A computerized epidemiological model of the spread of the mosquito-borne West Nile virus in 17 counties of California in 2005 successfully predicted where 81.6 percent of human cases of the disease would arise and defined high-risk areas where the risk of infection turned out to be 39 times higher than in low-risk areas, according to newly published research. The DYCAST software used in those predictions is now open-source and is being applied to other diseases.
"One of the things that really differentiates DYCAST from other approaches is that its based on biological parameters," says Ryan Carney, a Brown University graduate student who is the lead author on a paper about DYCASTs performance that appears in the current issue of the journal Emerging Infectious Diseases, published by the Centers for Disease Control and Prevention (CDC). "All of the parameters in the model are based on experimental data related to the biology and ecology of the virus, mosquito vector, and bird host."
Its not just tracking the geography of actual cases. DYCAST "is based on biological parameters."For example, the spatial parameters of the model include how far mosquitoes and infected birds are likely to fly. Key time parameters include how long the virus needs to incubate in mosquitoes before they become infectious and the lifespan of infected birds. Carney said that by using biology to define the geographic and temporal attributes of the model rather than county or census tract borders, which are convenient for humans but irrelevant to birds and mosquitoes, the model allowed the California Department of Public Health to provide early warnings to an area stretching from the Bay Area through Sacramento to the Nevada line, as well as regions in southern California.
Carney implemented the software when he worked for the California department in 2005. (The software was created by Constandinos Theophilides at the City University of New York.) Feeding the model in 2005 were 109,358 dead bird reports phoned in or entered by members of the public via a state hotline and website.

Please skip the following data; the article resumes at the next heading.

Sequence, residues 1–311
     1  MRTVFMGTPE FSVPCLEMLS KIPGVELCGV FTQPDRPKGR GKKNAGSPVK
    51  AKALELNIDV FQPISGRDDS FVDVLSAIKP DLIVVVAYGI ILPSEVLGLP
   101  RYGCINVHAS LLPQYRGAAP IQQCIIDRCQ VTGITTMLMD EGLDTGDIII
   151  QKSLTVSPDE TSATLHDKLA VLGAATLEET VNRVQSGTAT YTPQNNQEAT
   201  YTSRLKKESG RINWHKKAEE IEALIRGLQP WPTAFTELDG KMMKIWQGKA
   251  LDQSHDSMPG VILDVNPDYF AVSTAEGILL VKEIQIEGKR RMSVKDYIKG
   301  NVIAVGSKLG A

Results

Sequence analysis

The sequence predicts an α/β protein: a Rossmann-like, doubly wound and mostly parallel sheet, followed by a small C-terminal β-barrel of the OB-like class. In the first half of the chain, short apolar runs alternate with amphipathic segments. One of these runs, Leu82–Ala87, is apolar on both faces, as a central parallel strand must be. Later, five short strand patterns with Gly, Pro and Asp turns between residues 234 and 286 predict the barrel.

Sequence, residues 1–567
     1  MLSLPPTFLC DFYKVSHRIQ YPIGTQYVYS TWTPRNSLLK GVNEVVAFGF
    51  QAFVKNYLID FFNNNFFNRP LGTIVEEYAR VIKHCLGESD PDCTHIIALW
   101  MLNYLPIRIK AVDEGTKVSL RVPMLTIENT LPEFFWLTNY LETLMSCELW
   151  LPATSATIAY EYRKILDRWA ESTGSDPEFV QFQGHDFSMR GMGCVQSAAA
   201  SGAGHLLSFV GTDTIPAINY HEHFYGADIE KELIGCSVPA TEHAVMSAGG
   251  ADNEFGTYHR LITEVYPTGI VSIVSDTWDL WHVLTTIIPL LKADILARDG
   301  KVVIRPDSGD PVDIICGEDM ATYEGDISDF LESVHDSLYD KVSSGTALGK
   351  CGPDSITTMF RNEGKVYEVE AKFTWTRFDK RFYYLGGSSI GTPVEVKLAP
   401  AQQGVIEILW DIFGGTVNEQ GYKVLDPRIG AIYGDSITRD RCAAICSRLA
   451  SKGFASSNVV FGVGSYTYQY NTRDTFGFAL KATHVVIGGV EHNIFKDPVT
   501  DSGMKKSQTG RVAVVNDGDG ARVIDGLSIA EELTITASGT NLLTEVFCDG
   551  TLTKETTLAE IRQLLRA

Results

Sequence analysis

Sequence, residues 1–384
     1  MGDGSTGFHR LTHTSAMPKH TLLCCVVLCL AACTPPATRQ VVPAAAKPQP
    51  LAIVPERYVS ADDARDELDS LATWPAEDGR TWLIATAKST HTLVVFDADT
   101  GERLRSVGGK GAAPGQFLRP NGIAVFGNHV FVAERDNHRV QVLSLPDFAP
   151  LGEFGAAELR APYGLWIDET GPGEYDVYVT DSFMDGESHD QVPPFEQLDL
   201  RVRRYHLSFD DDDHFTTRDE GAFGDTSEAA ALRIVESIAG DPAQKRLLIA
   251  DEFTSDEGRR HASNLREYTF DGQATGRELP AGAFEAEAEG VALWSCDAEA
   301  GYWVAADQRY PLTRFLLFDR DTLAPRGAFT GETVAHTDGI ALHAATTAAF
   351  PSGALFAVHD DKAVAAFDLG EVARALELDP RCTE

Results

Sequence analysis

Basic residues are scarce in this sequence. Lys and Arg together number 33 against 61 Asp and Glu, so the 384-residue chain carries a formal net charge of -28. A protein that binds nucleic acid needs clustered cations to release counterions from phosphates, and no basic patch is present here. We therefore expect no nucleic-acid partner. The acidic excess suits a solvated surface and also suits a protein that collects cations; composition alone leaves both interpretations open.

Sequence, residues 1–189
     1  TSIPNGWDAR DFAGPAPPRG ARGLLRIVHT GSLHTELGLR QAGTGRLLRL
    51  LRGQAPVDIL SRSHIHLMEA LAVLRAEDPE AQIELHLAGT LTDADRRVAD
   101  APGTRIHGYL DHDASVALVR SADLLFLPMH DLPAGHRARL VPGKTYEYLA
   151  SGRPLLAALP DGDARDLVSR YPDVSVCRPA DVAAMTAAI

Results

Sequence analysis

As more dead birds were reported in close proximity, the software would generate daily maps of areas at high risk for human infection, providing an early warning to local public health officials. The software, for example, predicted areas as high-risk more than a month before the first human cases arose, on average.
In Sacramento County, location of the largest West Nile virus epidemic in the United States that year, DYCAST helped mosquito control officials target their testing and spraying resources actions that ultimately reduced human illness, Carney said.
After 2005, the department implemented the model throughout the state, although the number of human cases and reported dead birds, along with the models prediction rates, dropped sharply.
In 2007 Carney enrolled as a masters student at Yale and adapted the DYCAST model to track dengue fever in Brazil, using a version of the software that his CUNY collaborators had converted to an open-source platform. With the specific parameters of that disease, DYCAST was able to predict its spread in the city of Riberão Preto in Brazil, Carney said, citing unpublished data.
Carney has continued his analysis and development of DYCAST and dengue at Brown, where he is a doctoral student of ecology and evolutionary biology. He said the software at its core has potential to be adapted as an early warning system for other infectious diseases or even bioterrorism attacks.
In addition to Carney, other authors on the paper include Sean Ahearn and Alan McConchie of CUNY (McConchie is now at the University of British ColumbiaVancouver), Carol Glaser, Cynthia Jean, Kerry Padgett, Erin Parker, Ervic Aquino, and Vicki Kramer of the California Department of Public Health, and Chris Barker and Bborie Park of the University of CaliforniaDavis.
The CDC funded the research.